For years, American cars have been just as good and sometimes better than Japanese cars, but they are held to a completely different and more stringent standard.  When I was with GM, I had the opportunity to work with many dealers who owned both GM and Japanese franchises.  I was told several stories of recent GM purchasers returning to the dealership with ‘quality’ issues like body panel gaps being a millimeter different from the front of the hood to the back, or 1/2″ threads on the seats not being trimmed at the plant, headlights that come on all the time (daytime running lights), and windows that go down all the way by themselves (express down function).  Japanese car owners on the other hand, would bring their cars in for oil changes and express utter shock when they were told there were severe issues with suspension, brakes, and motors.  These owners assumed that since their Japanese car was of such high quality, the clunks and creaks they heard were personality quirks of their fine automobiles, not problems.  (I would also argue that Consumer Reports, with it’s perpetual claim of being non-biased, and the NHTSA have a lot of explaining to do, but I digress…)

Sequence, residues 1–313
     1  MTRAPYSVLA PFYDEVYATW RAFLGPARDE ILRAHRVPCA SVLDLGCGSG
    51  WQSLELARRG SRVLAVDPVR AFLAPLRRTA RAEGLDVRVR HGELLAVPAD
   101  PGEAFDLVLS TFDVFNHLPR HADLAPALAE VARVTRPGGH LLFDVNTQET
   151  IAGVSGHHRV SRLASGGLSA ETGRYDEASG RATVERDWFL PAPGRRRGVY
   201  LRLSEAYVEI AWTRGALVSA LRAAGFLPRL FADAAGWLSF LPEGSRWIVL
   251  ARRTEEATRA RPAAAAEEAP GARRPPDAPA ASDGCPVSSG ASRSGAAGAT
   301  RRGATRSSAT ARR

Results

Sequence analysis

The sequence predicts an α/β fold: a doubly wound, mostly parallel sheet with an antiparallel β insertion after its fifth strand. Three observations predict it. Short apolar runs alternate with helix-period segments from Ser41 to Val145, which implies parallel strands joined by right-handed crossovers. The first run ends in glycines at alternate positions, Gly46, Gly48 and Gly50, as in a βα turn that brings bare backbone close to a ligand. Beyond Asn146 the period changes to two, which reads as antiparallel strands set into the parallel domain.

Toyota’s issues point out in glaring detail that perception is not in fact reality.  It’s time that Americans, and the world, judge all automakers on the same scale.  I think most would be surprised to know the truth.,2933,587221,00.html